Four of the five distance events were won by BIG Ten athletes. Is this the most competitive you’ve seen the Big Ten since your career began at Michigan?

Yeah how cool is that? That was so much fun to watch. It was mind blowing. That’s the most competitive I’ve seen it at the national level. I’ve seen a lot of guys in the Big Ten perform studly, but I’ve never seen that type of performance all happen in the same weekend across so many guys. That was really cool to see. They’re all the real deal, right? Oliver Hoare is a phenomenal athlete. A 3:37 guy, he closed in 51 point at Big Tens. He won Big Ten cross, he kicked my ass actually in cross and then he goes on to win a 1500 national title. Total stud, great guy also. Isaiah Harris, everyone knows him around the block. He’s the most consistent racer anyone has ever seen. Obsa Ali is just a total gamer and when he’s on he’s on. He’s made huge improvements in the steeple and his consistency is very impressive. All those guys are so admirable in different ways and I’m just pumped to be a part of that group was able to perform that well on the weekend. You know, at Big Tens I want to beat those guys more than anything, but on a national level you want to see your conference succeed. You want to see those guys do well and they’re all great guys so it’s pretty hard to root against them. It was really cool to see the Big Ten represented so well at the national level.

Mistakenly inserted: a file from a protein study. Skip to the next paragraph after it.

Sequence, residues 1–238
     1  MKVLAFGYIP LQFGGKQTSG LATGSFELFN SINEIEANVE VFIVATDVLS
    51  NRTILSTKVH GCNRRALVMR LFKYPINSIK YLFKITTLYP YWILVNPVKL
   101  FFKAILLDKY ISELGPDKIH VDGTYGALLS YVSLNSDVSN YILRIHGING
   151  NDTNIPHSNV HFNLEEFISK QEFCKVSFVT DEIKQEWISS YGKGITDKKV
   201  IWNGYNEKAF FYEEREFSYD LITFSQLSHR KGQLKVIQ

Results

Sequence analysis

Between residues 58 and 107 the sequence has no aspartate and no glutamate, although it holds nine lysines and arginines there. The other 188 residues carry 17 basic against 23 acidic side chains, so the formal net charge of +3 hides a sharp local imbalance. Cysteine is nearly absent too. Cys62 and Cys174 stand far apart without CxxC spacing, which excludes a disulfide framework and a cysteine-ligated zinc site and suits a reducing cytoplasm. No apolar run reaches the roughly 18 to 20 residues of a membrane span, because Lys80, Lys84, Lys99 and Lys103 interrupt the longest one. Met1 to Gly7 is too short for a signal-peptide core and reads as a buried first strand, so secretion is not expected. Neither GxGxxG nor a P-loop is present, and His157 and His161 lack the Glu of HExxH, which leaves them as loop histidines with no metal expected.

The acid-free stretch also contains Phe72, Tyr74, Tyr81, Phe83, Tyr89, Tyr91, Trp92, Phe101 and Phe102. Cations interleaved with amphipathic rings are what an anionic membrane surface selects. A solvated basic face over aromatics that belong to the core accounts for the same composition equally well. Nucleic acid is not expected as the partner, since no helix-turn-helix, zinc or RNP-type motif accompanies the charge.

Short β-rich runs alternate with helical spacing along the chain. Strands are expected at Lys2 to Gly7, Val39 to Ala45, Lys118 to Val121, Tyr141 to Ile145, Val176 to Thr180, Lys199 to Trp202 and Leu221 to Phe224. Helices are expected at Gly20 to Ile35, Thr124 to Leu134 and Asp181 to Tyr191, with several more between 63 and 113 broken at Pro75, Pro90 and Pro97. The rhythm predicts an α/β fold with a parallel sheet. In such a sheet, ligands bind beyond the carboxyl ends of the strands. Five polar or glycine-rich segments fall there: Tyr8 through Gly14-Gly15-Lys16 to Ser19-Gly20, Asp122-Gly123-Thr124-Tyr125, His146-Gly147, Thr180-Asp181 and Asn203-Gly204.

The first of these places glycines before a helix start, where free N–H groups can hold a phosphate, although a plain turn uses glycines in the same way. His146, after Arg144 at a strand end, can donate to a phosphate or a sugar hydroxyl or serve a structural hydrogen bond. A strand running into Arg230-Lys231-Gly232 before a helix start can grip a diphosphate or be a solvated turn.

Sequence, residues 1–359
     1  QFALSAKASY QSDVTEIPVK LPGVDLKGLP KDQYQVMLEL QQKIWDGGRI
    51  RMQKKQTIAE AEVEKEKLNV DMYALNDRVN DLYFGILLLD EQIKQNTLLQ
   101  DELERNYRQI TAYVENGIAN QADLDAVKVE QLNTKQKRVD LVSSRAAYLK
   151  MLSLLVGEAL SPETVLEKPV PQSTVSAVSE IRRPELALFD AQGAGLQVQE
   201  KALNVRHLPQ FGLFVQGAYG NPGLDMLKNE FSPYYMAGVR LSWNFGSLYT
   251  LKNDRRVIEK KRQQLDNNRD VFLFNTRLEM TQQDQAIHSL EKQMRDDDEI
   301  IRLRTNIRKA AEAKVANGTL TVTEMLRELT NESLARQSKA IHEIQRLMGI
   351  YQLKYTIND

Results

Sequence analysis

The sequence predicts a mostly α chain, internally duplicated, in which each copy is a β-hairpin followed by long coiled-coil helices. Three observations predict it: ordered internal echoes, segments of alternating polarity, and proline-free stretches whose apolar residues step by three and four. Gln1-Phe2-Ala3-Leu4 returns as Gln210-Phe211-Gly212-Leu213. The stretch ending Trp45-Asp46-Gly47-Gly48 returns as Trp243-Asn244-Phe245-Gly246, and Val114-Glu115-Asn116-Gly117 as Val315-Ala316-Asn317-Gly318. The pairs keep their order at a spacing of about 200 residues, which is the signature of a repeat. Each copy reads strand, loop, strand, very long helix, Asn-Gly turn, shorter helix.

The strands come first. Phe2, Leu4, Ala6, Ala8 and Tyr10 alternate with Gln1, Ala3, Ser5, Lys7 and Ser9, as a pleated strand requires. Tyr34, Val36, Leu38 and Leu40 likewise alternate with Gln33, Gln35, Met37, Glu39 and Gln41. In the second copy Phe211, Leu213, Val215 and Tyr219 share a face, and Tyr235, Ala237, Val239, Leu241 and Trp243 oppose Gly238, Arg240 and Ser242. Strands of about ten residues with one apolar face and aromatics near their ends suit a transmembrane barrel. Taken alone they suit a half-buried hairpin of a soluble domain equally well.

Do you plan to go pro? Is there a particular racing group or brand that you would like to turn pro with?

I definitely do and that’s all in the works right so I wish I could give you more detail. But a few things I can tell you that I know is that I have a degree to finish up in the fall so I’ll be in Ann Arbor until then for sure. The thing I try to make as clear as possible to any resources I’ve been communicating with is that I am very open and I just want to find out all the options that are available. I want to stay open-minded and don’t want to shut down any options initially. I want to make a well-informed decision once I understand all the options that are available. So I’m in communication with different resources right now and kind of navigating that pathway, or those pathways. As soon as I have a decision I will be sure to communicate to anybody that wants to know about it. There’s a very nice track club, it’s Ronnie’s group, Ron Warhurst. That is who Willis is with and a few other guys. We have some independent guys like Ned Willig, who’s a 3:57 miler, Mason Ferlic whose name speaks for itself. Coach Sully is always open to keeping in touch with post collegiate guys so it’s a really good set up here so I’m in no rush to leave. I think it’s a great spot to be in at least for the near future and then, like I said, I’m not ruling out any options right now. The next goal is to find some presence on the international scene. I want to represent Canada at all the opportunities that make sense for me to do so. And then in terms of race distances, again I’ve been very open to where ever we see is the best fit, whether that be on the roads in the marathon or the half marathon, or the 10k or even the mile. So long story short, I’m keeping my options open, but as of right now I don’t have any very clear decisions made.